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The Adventures of Huckleberry Finn Chapter 2

 

The Adventures of Huckleberry Finn Chapter 2
 
PART I
 
Well, I got a good going-over in the morning from old Miss Watson on account of my clothes. The Widow she didn’t scold but only cleaned off the dirt and dust, and looked so sorry that I thought I would behave for a while, if I could. Then Miss Wat­son she took me into the next room and prayed, but nothing came of it. She told me to pray every day, and whatever I prayed for I could get. But it wasn’t so. I tried it. Once I got a fish line, but no hooks. The fish line wasn’t any good to me without hooks. I tried for the hooks three or four times, but somehow I couldn’t make it work. By and by one day, I asked Miss Watson to try for me, but she said I was a fool. She never told me why, and I couldn’t make it out myself.
 
I sat down one time back in the woods, and had a long think about it. I says to myself, if a person can get anything he prays for, why doesn’t Deacon Winn get back the money he lost? Why can’t the Widow get back the things that were stolen from her? Why can’t Miss Watson get some fat on her bones? No, says I to myself, there’s nothing to it. I went and told the Widow about it, and she said that the things a body could get by praying were things “of the spirit.” This was too much for me, but she told me what she meant: I must help other people, and look out for them all the time and never think about myself. This was in­cluding Miss Watson, as I took it. I went out in the woods and turned it over in my mind a long time, but I couldn’t see any advantage in it except for the other people. So at last I decided I wouldn’t worry about it any more, but just let it go.
 
Pap* he hadn’t been seen for more than a year, and that was all right with me; I didn’t want to see him any more. He always used to beat me when he was sober and could get his hands on me, though I used to take to the woods most of the time when he was around. Well, about this time the body of a man was found drowned in the river. Some people judged it was Pap- said this drowned man was just his size, and dressed in rags and had long hair, which was all like Pap. But they couldn’t make anything out of the face, because it had been in the water so long it wasn’t much like a face at all. Somehow I felt sure it wasn’t Pap and I judged the old man would turn up again by and by, though I wished he wouldn’t.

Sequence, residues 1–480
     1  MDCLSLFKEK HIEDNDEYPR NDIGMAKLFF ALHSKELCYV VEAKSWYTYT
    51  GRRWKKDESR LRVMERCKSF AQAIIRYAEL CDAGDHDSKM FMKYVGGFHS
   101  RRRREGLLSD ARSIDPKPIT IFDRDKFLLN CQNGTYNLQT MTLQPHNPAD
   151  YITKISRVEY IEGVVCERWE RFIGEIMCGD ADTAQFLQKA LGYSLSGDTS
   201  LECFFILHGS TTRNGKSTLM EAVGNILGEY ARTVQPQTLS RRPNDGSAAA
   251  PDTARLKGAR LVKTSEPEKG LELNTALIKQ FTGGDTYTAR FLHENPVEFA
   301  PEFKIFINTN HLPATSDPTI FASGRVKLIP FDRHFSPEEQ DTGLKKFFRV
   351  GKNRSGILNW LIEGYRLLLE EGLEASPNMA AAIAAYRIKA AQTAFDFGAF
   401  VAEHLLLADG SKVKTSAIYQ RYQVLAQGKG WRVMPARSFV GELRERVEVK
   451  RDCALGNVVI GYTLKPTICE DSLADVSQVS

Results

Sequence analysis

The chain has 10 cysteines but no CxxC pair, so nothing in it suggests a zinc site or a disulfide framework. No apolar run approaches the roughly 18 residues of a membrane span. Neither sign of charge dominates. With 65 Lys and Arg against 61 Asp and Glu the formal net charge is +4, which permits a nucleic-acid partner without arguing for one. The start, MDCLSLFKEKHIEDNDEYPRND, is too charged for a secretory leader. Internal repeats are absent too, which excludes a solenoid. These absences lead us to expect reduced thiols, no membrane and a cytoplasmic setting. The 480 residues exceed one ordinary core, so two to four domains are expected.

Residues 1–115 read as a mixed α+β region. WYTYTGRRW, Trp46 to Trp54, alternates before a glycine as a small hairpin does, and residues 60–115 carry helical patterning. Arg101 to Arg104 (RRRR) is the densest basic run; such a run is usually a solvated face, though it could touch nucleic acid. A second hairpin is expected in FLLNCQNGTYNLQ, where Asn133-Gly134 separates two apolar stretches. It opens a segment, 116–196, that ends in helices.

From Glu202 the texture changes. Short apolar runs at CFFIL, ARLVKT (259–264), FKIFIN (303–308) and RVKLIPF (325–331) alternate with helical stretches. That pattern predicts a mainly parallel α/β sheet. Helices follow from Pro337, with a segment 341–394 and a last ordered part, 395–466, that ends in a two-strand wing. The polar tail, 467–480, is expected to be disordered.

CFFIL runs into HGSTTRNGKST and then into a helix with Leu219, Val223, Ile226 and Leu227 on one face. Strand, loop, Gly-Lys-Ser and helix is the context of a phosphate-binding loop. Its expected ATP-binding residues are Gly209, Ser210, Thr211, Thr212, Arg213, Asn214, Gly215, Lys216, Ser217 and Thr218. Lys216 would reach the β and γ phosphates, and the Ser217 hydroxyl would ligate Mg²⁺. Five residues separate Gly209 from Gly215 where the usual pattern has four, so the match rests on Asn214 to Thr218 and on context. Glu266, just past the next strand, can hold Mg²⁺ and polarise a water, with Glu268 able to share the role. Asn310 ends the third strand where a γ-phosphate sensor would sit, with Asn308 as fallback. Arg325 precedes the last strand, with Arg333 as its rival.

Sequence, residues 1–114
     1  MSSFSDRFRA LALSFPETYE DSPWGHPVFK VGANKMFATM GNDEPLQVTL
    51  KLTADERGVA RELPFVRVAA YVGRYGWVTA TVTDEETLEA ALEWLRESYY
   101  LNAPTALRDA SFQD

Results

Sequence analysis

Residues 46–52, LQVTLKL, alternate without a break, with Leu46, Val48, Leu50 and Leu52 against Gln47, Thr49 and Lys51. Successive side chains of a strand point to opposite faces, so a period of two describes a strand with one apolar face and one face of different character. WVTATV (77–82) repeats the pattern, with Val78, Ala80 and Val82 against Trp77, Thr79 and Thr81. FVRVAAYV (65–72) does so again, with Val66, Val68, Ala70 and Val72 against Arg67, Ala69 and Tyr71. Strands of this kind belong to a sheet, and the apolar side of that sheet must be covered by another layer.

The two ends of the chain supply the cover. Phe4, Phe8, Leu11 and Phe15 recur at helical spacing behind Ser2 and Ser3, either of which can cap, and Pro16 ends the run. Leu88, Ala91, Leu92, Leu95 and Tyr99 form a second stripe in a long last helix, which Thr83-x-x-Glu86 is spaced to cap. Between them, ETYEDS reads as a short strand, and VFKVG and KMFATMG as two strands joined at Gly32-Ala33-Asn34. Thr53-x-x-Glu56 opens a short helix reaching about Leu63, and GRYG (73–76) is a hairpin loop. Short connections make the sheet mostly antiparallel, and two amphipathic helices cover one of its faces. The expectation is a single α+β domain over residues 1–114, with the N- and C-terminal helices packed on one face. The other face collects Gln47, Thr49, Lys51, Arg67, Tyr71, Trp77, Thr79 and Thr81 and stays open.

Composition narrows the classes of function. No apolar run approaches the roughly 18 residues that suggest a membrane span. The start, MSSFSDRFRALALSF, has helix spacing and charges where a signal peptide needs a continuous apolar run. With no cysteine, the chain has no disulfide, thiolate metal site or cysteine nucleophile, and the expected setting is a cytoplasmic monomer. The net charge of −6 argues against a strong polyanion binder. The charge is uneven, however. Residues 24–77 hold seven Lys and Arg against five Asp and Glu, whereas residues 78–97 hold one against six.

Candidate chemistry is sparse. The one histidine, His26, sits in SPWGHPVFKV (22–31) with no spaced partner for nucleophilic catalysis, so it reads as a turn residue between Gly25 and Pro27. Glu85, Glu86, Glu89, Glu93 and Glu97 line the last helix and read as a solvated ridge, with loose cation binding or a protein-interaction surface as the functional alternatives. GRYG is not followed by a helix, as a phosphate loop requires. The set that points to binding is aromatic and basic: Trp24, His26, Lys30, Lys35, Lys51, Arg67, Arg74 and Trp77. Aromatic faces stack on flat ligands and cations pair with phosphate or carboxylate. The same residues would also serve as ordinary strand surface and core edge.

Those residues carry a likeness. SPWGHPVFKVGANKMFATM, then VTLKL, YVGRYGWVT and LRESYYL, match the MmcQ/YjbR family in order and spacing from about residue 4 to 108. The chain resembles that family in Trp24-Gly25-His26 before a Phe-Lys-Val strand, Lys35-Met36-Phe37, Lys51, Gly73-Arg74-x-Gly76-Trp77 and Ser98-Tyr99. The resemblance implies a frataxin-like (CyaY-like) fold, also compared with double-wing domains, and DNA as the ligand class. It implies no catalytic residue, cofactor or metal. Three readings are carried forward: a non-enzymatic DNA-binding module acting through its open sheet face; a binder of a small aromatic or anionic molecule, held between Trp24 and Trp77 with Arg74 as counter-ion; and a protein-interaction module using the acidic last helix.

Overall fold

We played robbers now and then for about a month. All the boys did. But we hadn’t robbed anybody, hadn’t killed any peo­ple, but only just pretended. We used to jump out of the woods and go charging down on drivers and women in wagons carry­ing things to market, but we never really bothered any of them. Later we would go to the cave and talk over what we had done and how many people we had killed and marked.
 
One day Tom sent a boy to run about town with a flaming stick (which was the sign for the gang to get together), and then he said he had secret news by his spies that next day a whole party of Spanish merchants and rich Arabs was going to camp in Cave Hollow with two hundred elephants and six hundred camels, all loaded down with diamonds, and they didn’t have only a guard of four hundred soldiers, so we would lie in wait and kill the lot of them and steal everything.
 
I didn’t believe we could beat such a crowd of Spaniards and Arabs, but I wanted to see the camels and elephants, so I was on hand the next day for the attack; and when we got the word we rushed out of the woods and down the hill. But there weren’t any camels, or elephants either. It wasn’t anything but a Sun­day School picnic, and only a lot of kids at that. We broke up the picnic and chased the children up the valley; but we never Pap: A form of papa or father.
 
got anything except a little of the picnic lunch; and then the teacher charged in, and made us drop everything and leave.
I didn’t see any diamonds, and I told Tom Sawyer so. He said there were loads of them there, and he said there were Arabs there too, and elephants and things. I said, why couldn’t we see them, jthen? He said if I weren’t so ignorant and had read a book called Don Quixote, I would know without asking. He said it was all done by magicians. He said there were hun­dreds of soldiers there and elephants and treasure, and so on, but we had enemies called magicians, and they had turned the whole thing into a children’s Sunday school picnic just to spite us. I said, all right; then the thing for us to do was to go for the magicians. Tom Sawyer said I was an ignorant fool.
 
Anyhow, I didn’t have too much time now to spend with the gang on these expeditions which Tom was always making up out of his head, because certain events took place soon which kept me busy and carried me far away from such scenes. Mean­while I went to school fairly regularly and could spell and read and write just a little. I could also say the multiplication table up to six times seven is thirty five, and I don’t believe I could ever get any further than that if I was to live for ever. I don’t take much stock in mathematics anyway.
 
At first I hated school, but by and by I got so I could stand it. Whenever I got very bored, I stayed away and spent a day in the woods, and the whipping I got the next day did me good and cheered me up again. So the longer I went to school the easier it got. I was getting rather used to the Widow’s ways too, and she didn’t bother me so much now. Living in a house and sleeping in a bed was hard for me at first, and before the cold weather started I used to slip out and sleep in the woods some­times, so that was a rest for me. I liked the old ways best, but I was getting so I liked the new ones too, a little bit. The Widow said I was coming along slow but sure, and doing satisfactorily. She said she wasn’t ashamed of me.